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Donor Backlash in the Face of Campus Antisemitism

Rachel Loeb


It has been more than two months since the initial October 7th terrorist attack on Israel by Hamas. Since then, the intensity of public reactions has increased as the war has become a source of controversy, sparking arguments online and in-person protests both in support and opposition to Israel's actions. This divide has extended to college campuses, and as it has become more heated, it has shifted from debate to overt antisemitism and threats. As a response, donors at multiple colleges have pulled their financial support, citing the reason to be the school's inability to fully condemn the Hamas attack and draw clear lines between reasonable discourse and antisemitic hate speech within their student body. However, the withdrawal of these donors is not as positive as it may initially appear as it may lead to universities putting even more weight on their donors' preferences.

At Harvard, the catalyst was an anonymous letter from a coalition of 34 student organizations placing sole blame on Israel for the Hamas attacks. Harvard received significant backlash especially after its President Claudine Gay and senior leadership did not address the letter in their public statement. This led to numerous alumni criticizing Harvard leadership’s failure to respond. In a letter to the school, Senator Mitt Romney, hedge fund manager Seth Klarman, and three other Harvard business school alumni criticized the school for allowing Jewish students to be harassed. The Wexner Foundation has stopped their donations, and Former Governor Larry Hogan announced Monday that he will no longer partner with Harvard’s Kennedy School and the Chan School of Public Health. Additionally, Israeli billionaire Idan Ofer and his wife resigned from the executive board. Also, the founder of Billionaire Citadel Ken Griffin, CEO of Pershing Square Capital Management Bill Ackerman, and CEO of Sweetgreen Jonathan Neman, all demanded to know which students signed the letter so that their company would never hire them. After Griffin called on President Gay for a more supportive statement on the crisis, she issued a stronger condemnation of the terror attacks, but still refused to name the students.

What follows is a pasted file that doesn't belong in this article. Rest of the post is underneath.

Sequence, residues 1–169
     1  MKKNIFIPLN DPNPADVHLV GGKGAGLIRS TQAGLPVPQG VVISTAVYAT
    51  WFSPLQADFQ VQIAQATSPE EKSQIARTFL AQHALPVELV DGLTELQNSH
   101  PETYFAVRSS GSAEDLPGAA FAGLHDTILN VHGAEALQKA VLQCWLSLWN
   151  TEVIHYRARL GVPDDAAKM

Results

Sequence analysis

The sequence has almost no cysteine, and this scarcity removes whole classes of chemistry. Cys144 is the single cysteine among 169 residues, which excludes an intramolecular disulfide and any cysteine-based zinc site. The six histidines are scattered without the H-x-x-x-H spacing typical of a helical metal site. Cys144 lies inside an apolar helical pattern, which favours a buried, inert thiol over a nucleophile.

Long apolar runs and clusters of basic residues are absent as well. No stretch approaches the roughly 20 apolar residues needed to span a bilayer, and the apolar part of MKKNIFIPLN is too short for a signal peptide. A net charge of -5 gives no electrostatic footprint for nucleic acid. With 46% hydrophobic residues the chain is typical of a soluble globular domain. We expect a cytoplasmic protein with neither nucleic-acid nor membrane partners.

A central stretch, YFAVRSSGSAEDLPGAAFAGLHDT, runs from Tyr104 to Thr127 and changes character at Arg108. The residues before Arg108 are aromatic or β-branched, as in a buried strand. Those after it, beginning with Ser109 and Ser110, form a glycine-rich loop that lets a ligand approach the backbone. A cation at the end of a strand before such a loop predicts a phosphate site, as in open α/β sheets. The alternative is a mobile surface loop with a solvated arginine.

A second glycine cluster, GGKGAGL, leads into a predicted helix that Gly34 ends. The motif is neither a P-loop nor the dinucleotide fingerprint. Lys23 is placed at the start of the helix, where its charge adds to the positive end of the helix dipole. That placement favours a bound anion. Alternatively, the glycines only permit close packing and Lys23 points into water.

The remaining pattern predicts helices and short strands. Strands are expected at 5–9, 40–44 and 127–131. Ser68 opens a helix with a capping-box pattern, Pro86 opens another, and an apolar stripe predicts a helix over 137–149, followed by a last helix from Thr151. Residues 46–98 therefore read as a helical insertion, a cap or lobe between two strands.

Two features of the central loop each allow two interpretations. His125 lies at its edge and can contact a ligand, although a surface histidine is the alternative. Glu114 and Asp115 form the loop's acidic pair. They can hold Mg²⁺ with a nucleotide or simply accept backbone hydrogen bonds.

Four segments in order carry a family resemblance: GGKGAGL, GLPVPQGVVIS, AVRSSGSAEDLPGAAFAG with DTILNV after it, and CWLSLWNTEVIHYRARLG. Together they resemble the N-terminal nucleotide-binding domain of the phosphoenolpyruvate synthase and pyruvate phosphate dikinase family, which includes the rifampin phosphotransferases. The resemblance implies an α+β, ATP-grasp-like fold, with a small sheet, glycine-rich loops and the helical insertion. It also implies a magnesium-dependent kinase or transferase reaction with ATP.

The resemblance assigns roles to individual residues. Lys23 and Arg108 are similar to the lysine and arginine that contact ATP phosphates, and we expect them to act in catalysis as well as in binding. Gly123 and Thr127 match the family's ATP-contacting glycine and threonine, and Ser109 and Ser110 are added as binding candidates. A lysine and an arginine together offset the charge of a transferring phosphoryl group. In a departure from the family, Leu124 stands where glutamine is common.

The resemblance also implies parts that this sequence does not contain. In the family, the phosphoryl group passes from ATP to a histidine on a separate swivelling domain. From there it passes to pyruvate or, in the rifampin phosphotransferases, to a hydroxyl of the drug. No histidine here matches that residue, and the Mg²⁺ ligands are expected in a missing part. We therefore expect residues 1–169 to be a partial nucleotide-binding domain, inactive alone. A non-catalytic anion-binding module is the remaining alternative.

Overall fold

The University of Pennsylvania was already facing criticism weeks before the Hamas attack, for hosting speakers at the Palestinian Writes Literature festival that openly expressed antisemitic beliefs. Alumni then became increasingly angry with the school after their delayed response, which they believed did not express enough support for Israel. Marc Rowan, the chief of Apollo Global Management halted his donations after claiming that Penn was overlooking the concerns of the Jewish community, and called for alumni to cut their donations down to one dollar and join his demand for the resignation of President Liz Magill and the chairman of the board of trustees, Scott L. Bok. Since then, many of Penn’s benefactors have pulled their support including philanthropist Ronald S. Lauder, former Utah governor Jon Huntsman, “Law & Order” creator Dick Wolf, cofounder of Differential Ventures David Magerman, founder of HighSage Venture Jonathan Jacobson, founder of EMU Health Daniel Lowy, and founder of AQR Capital Clifford Asness. In response to this backlash, the university released another statement referring to Hamas' violence as a "terrorist" attack for the first time, emphasizing that the university does not share the opinion of speakers at the festival, and reaffirming their stand against antisemitism.

The withdrawal of support from these universities by donors carries significant implications as these funds contribute to the financing of facilities, faculty research, student aid programs, and various other essential aspects of the university. This financial backing holds particular importance for universities, for example, at Harvard, where philanthropy is the single largest contributor to revenue. These donors absolutely have the right to retract their financial support and disassociate from the universities if they believe them to not represent their values. In some ways, this is positive, as it holds the schools accountable for their actions. However, the concern arises when schools alter their public stances on issues under the influence of their financial backers, which isn't always in the best interest of academic integrity.


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